“Hardware is hard” — there are good reasons for the saying. At least compared to software, hardware typically takes longer to build and is harder to upgrade, since there is no such thing as over the air updates. That said hardware startups can and do succeed, oftentimes against much larger and better-capitalized competitors. This post is focused on 3 key strategies to succeed, which are essentially mutually exclusive.
Strategy #1: Highly Differentiated
Arguably the most common strategy amongst hardware startups. Apple that made computers accessible to homes in the 1980s making or made touch the primary interface for smartphones starting in 2007. Tesla and the Roadster launched in 2008, as a breakthrough electric sports car that could travel 200 mi with a single charge. Peloton which broke the mould for stationary bikes by allowing users to connect with content and community in real-time. In most of these cases, we are talking about high-end, which means high per capita income countries like the US are kings in this strategy as their internal markets that can absorb higher price points.
Lesson on this strategy — build a product that is quite differentiated in features so you can establish yourself in your own market segment. That way incumbents and fast followers alike will be significantly challenged in trying to catch up with you.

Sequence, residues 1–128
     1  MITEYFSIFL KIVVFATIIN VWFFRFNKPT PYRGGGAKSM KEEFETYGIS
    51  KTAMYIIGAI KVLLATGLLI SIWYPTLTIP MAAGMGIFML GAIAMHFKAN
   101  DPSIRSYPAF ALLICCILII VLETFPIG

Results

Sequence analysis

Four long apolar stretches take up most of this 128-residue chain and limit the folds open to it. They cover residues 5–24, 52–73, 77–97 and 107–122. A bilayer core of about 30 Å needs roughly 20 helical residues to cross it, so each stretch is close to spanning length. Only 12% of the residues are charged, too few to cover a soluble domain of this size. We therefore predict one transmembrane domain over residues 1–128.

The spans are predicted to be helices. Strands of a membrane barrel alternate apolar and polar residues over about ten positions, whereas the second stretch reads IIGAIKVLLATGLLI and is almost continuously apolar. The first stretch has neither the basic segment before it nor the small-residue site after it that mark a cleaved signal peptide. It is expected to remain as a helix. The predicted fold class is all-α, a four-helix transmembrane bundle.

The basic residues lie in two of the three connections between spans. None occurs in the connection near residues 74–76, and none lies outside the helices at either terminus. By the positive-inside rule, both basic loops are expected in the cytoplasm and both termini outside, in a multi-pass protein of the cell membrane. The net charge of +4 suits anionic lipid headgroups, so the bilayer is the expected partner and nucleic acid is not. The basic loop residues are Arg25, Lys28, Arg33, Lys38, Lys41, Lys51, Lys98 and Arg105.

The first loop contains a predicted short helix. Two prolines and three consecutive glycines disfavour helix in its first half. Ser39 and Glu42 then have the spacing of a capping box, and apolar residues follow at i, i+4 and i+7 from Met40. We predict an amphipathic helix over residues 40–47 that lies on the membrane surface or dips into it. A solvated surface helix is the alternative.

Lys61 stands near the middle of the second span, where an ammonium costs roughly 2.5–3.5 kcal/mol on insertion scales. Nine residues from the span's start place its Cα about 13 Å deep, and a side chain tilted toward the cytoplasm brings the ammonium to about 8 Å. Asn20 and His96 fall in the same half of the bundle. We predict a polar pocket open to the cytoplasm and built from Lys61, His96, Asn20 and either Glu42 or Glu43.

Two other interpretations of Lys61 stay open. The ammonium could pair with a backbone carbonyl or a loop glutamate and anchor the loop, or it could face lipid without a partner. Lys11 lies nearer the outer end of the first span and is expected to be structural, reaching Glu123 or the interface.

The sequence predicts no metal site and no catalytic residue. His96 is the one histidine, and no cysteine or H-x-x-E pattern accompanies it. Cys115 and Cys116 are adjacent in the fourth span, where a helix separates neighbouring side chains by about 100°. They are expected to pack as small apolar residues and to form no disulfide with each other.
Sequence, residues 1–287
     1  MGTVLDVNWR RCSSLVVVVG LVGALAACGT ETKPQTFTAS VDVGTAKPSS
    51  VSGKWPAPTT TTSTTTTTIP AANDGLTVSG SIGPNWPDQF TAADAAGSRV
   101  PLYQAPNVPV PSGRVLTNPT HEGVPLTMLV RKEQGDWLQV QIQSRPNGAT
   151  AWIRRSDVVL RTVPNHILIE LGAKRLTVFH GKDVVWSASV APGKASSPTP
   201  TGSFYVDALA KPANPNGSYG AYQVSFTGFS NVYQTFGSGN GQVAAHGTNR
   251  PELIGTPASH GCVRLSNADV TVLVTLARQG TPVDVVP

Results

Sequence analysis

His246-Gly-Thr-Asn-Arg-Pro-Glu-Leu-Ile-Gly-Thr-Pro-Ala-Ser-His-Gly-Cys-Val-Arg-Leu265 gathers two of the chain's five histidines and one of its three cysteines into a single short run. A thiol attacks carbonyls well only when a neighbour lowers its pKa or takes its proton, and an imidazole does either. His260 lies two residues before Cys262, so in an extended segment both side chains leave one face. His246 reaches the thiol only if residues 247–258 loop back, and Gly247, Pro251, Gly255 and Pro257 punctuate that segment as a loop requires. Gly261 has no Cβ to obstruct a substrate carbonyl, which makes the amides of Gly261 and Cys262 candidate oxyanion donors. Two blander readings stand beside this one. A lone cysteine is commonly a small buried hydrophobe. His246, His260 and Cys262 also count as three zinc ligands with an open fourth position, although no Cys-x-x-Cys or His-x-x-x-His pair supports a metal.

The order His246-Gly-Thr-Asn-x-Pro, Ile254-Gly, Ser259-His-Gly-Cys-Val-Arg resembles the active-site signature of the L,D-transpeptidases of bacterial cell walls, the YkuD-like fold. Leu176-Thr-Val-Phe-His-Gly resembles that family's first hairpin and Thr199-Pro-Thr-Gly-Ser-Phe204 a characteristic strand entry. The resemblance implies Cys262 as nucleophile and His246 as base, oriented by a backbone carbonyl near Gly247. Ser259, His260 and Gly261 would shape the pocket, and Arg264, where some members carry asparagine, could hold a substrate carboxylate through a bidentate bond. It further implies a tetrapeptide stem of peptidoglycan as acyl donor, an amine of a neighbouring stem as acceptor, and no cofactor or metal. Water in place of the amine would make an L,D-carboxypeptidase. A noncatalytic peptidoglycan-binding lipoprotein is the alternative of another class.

Strategy #2: Affordable
The exact opposite strategy is to make hardware a forgettable necessity. You could build with off-the-shelf parts or partner with others to get scale. China has arguably mastered this strategy more than any other, primarily for its own market but increasingly for other countries. DJI founded 20067 has a majority market share in consumer drones. Xiaomi founded 2010 has done the same for the low-mid end of smartphones. Huawei founded in 1987 executed a similar strategy with telecom. All three of them have gone from startup to a huge market share very quickly.
Lesson on this strategy — build a product that is inexpensive and focus on high volume. You could even go all the way and make it completely free, which brings us to strategy #3.
Lessons Strategy #3: Give Away
An ODB port for the car so insurance can find out if this drive is safer than the other one. A heart monitor that a patient can wear at home and flags issues for the doctor. A smart lock that allows hotels to grant/revoke access to guests and get rid of physical keys. In these examples from mobility, health and IoT, a startup could have very well given the hardware completely free and monetized on the service. It’s the class SaaS, with the startup often incurring a loss on the hardware itself and making up eventually on a recurring revenue stream.
Lesson on this strategy — build hardware that is essentially a gateway to data, then build a huge offering around that. And beware that this can happen across an entire industry. Consider for instance telecom, where the installed capacity is getting commoditized very fast courtesy of WhatsApp or WeChat, and where they are working to build business models on services.
So what should you as a hardware entrepreneur do? Analyze your market and competition and think very deeply which of these three strategies your product falls in. Even more so than software, once you make a choice it will be incredibly difficult to change it but executing well is in itself a huge barrier to entry.